Given the colossal size of North America, it’s somewhat natural for us NME correspondents from over this side of the Atlantic to look for musical communities and trends located to one region.

New York and LA are of course the two main hubs of musical activity but every once in a while, you come across something that spans the entire country and recently, it’s a Spectorish fuzz-pop sound that has been embraced and adopted by both by the Silverlake scenesters and the hipsters in Brooklyn.

On the west coast you’ve got Dum Dum Girls and Best Coast who have clearly taken some of their cues from classic girl group tunes. On the other side of the country, The Drums, Crystal Stilts and The Vivian Girls might not be super-chummy with each other, but they at least sound like they share some melodic headspace.

So if they don’t all swap second-hand records and drink cheap beer in the same bars, then what explains this sudden bi-coastal upsurge of classic pop sensibility? Personally, I’m willing to put my original 7” of ‘Be My Baby’ on The Raveonettes being one of the main progenitors.

In the UK, they’ve never been a band that indie types have taken to en masse but in the USA, they’ve enjoyed a solid and immovable cult fan base ever since their first album ‘Chain Gang Of Love’ arrived in 2003, earning them props (and those all important opening slots) from groups like The Strokes, Interpol and Depeche Mode.

Now, the Danish duo of Sharin Foo and Sune Rose Wagner (who are un-coincidentally based in LA and NYC respectively) appear to have given birth to a new generation of pedal-powered bands.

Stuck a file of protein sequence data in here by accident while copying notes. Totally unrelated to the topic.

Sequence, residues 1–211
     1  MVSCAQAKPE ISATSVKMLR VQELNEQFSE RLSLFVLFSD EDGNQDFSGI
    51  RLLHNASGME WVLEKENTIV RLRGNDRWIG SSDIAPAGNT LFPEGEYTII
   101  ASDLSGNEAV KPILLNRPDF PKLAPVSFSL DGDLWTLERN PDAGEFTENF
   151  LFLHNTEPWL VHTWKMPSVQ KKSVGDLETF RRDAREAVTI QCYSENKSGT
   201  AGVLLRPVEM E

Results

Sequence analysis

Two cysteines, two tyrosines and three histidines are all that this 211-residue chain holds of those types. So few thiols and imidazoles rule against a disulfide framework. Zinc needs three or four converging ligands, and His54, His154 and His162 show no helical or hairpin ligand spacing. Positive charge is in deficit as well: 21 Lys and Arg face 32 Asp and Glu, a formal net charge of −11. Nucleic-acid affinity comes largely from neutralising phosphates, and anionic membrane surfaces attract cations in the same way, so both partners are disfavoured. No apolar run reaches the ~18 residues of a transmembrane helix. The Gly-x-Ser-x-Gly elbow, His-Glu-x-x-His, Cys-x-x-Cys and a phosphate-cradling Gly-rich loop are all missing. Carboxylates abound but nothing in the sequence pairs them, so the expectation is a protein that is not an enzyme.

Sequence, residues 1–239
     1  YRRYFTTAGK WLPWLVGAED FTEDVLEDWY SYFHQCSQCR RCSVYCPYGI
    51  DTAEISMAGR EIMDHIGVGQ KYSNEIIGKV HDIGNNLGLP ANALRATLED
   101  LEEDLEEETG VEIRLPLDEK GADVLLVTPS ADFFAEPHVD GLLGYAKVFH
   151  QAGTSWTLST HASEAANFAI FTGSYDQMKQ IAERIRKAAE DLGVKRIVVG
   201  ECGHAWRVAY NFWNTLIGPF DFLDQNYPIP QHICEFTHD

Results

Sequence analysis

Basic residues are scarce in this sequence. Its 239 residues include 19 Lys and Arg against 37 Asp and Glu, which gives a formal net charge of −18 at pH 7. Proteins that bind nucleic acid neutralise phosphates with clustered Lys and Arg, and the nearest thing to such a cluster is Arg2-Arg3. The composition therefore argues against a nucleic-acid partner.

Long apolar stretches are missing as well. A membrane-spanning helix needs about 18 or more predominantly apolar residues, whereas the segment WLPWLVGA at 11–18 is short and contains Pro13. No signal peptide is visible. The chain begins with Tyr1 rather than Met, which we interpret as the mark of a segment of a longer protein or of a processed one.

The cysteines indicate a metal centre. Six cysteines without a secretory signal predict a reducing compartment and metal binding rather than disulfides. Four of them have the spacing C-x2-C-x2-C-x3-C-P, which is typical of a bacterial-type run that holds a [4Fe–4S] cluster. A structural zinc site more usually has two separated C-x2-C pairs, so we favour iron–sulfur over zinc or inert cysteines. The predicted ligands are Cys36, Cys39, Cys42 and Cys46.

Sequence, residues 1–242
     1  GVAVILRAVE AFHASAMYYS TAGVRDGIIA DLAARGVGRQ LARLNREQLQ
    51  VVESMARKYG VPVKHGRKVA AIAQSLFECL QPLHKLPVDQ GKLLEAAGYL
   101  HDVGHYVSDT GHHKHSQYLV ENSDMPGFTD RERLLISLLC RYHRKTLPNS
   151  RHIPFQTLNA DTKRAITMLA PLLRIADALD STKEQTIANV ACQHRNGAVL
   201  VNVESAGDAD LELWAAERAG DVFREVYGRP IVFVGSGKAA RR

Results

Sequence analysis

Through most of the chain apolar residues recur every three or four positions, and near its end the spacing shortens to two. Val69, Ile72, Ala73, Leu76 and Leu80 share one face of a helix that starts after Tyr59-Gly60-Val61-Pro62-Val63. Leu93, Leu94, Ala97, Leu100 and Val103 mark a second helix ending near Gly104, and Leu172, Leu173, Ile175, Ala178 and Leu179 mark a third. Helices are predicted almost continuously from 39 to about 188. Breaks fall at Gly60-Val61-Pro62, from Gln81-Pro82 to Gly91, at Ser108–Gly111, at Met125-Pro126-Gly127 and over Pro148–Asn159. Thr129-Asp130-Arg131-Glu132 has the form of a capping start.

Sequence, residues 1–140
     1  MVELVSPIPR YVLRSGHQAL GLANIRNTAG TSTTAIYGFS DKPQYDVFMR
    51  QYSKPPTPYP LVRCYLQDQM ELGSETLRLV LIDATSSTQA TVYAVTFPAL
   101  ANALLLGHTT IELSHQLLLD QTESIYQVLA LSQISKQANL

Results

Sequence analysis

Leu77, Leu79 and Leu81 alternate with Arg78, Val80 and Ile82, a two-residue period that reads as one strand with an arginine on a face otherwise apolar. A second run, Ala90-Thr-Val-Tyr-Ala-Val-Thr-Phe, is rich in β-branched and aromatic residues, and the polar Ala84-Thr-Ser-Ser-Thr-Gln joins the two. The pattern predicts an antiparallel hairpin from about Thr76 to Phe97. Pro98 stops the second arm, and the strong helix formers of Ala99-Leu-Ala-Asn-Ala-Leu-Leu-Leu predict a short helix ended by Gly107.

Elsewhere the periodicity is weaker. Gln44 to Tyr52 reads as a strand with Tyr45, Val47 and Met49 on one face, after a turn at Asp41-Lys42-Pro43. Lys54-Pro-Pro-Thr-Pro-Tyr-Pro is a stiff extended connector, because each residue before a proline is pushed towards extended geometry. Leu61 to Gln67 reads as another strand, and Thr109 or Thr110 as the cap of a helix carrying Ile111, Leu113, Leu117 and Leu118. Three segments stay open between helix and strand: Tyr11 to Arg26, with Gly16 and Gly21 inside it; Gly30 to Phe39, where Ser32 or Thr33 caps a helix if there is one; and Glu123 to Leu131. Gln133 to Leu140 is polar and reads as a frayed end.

Don’t believe me? Well have another listen to Best Coast’s ‘Boyfriend’ and tell me you don’t hear echoes of about five different Raveonettes songs in its lilting melody and reverb soaked vocals.

Still not sure? Then here’s The Drums’ ‘Let’s Go Surfing’ being given the beats and noise treatment by The Raveonettes. The Brooklyn pretty-boys are self-confessed fans and asked them to remix the track personally. It might not be to your personal taste but you can’t deny that the Danes’ distorted re-working fits the Drums’ love of a catchy tune perfectly.

And finally, here’s The Dum Dum Girls paying the most obvious homage by covering The Raves’ ‘Heart Of Stone’.

It doesn’t end there either because this crop of new bands carrying The Raveonettes’ influence continues to grow rapidly. Check out the Radar blog for fuzz-pop gems from Frankie Rose And The Outs and Tamaryn for proof.

And if the surfy vibe of The Vaccines' much touted demo ‘If You Wanna’ is anything to go by, maybe that love for the Raveonettes is about to blossom in Blighty too. Wouldn’t be before time either.

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